3. Instead of the memorial, Koji my good friend on MM2H, said we should ask Japan to plant a thousand sakura trees where the masses of the flowers from the trees will be like cherry blossom from the cherry trees in Japan in March.

    1. Can cold latitude sakura trees grow in tropical Malaysia?

    2. the japs will sell u fertilizer, air-cond n pipe dream, is that not how msia start to build car?


    4. not sakura but Tabebuia pentaphylla (or Tabebuia rosea)

    5. Can be considered as Malaysia Sakura or Malaysia Cherry blossom..

    6. My friend Koji said, can request Japan to plant a thousand sakura trees from Japan, at Gunung Jerai Hill resort. A Kedah Kyoto, it will be an awesome feel of 'taiping' and life. A lot Japanese and others will come.

    7. Still wondering WHY these mfers collaborated with the Jap during the invasion?

      Deep down, they were/r just like the Jap, having an inferiority complex when facing up to the cinapeks!

  4. This confirms that Malaysia is a Japanese proxy.

    Japan is the 3rd partner of the Trilateral Commission that plans to rule the world. The other 2 are USA and Europe.

    Malaysia will be collateral damage in any conflict.

    1. Wow !
      The foreign affairs equivalent of the Flat Earth Society.

    2. Ti-lateral Commission is an established fact. Flat Earth Society is theoretical. Therein lies the difference.

    3. As far as I can see, the Trilateral Commission is a Talk--shop, like Davos.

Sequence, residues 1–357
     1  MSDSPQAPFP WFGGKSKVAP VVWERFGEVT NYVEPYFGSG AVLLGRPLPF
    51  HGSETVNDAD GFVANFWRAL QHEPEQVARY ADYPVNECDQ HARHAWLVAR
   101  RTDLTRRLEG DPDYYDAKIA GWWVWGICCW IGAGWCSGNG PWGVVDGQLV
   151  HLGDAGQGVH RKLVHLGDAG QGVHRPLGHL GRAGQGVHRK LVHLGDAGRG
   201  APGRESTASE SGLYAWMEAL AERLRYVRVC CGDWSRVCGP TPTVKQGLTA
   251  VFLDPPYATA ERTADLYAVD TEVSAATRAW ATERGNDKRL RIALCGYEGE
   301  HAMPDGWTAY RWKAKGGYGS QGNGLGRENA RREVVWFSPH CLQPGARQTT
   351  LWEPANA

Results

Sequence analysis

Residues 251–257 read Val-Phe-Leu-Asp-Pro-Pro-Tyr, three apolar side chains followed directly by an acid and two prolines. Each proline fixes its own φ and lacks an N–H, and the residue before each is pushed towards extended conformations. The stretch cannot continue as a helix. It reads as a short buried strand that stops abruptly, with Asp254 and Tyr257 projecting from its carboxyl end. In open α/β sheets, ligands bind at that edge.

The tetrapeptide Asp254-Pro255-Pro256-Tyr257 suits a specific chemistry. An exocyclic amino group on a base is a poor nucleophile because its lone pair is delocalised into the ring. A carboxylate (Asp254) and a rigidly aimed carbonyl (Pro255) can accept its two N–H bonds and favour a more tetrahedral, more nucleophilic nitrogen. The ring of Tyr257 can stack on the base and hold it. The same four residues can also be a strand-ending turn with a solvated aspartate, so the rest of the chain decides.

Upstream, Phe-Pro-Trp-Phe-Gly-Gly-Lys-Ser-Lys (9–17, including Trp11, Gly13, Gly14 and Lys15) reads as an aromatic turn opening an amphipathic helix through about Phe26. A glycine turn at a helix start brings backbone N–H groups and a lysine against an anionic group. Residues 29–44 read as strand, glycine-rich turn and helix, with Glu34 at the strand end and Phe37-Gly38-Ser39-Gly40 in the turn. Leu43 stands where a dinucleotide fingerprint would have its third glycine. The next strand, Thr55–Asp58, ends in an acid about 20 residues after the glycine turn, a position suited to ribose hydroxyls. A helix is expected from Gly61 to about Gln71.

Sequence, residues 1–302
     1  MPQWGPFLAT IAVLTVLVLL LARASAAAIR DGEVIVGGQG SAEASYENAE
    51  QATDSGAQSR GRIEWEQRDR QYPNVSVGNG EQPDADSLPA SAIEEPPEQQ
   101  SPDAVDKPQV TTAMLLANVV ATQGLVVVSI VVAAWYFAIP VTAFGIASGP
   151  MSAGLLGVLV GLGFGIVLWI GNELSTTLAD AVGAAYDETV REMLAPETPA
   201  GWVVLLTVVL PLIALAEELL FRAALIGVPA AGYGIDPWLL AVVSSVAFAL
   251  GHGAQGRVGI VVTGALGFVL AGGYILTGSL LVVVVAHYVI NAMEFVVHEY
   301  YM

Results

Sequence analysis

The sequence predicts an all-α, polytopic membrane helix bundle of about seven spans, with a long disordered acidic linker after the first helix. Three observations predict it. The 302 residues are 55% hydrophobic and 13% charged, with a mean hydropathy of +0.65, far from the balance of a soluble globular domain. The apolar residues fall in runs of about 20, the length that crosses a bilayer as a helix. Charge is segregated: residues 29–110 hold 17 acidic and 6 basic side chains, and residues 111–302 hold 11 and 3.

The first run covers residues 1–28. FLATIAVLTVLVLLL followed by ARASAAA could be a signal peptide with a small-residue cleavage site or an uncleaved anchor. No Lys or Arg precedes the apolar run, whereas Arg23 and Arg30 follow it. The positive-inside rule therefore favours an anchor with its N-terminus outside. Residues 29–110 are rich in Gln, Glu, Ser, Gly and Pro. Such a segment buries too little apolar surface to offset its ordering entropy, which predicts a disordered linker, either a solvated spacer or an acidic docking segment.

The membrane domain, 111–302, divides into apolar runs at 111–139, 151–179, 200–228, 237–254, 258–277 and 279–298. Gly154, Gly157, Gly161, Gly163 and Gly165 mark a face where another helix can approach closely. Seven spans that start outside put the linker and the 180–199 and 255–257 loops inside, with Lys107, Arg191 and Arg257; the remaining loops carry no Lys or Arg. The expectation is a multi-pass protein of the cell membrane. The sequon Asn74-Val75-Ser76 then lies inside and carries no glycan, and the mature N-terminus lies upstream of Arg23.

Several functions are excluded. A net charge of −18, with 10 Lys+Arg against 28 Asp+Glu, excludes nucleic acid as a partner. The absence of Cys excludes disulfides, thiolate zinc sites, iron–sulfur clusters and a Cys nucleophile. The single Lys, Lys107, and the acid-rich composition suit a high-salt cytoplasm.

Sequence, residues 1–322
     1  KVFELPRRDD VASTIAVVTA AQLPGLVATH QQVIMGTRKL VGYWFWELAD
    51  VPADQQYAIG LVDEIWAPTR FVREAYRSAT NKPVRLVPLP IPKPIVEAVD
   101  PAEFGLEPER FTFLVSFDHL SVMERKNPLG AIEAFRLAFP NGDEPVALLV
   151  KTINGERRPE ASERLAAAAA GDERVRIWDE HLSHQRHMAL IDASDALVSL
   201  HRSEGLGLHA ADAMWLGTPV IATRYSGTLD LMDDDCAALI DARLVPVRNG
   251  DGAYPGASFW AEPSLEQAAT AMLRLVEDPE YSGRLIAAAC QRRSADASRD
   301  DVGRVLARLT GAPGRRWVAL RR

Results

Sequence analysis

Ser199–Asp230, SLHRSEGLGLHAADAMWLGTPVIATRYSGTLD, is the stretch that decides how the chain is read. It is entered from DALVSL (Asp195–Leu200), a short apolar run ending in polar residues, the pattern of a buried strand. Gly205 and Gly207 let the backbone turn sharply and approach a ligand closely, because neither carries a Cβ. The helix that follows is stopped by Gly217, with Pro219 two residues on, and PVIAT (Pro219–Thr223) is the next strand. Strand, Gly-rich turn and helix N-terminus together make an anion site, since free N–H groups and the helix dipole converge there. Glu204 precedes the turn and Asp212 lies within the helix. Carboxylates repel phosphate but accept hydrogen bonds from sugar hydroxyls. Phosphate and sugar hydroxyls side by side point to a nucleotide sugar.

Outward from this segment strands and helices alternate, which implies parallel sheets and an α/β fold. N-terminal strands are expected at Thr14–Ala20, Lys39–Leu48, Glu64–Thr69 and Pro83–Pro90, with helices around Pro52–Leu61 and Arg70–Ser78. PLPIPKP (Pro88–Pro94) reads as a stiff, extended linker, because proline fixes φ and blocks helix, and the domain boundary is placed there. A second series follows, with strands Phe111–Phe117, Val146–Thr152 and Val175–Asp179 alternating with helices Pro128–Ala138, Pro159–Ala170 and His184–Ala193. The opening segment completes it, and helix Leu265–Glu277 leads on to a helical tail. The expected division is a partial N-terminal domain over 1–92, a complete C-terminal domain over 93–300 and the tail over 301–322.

The conspiracy theories about dark maneuverings have no supporting evidence.

    4. David Rockefeller's brainchild. He is on record wanting a one world government.
      There was Zbigniew Brzezinski,the man considered the ideological godfather of Trilateralism and his (in)famous 'Great Game' theory for whoever controls eurasia controls the world.

  5. Gen Y and Gen Z are pretty relaxed about Japan. Chinese youngsters are among the biggest Anime and Manga fans, and followers of Japanese cuisine.

    We should not forget WWII history, including the Japanese and German crimes and atrocities.
    Also, the United States played a major, major , essential, role as the liberator in World War II, paid with American blood, something the younger generation forgets in the way it demonizes America today.

    But we should also be able to let go the past.

    1. i think both wilson n roosevelt did contribute much to world peace during ww1&2, of course with american support, thats is oso the reason that make usa a great country. though i like to talk bad american because i am a chinese, but i still think american is relatively selfless. wrt japs, i still think they r one most selfish people living on earth.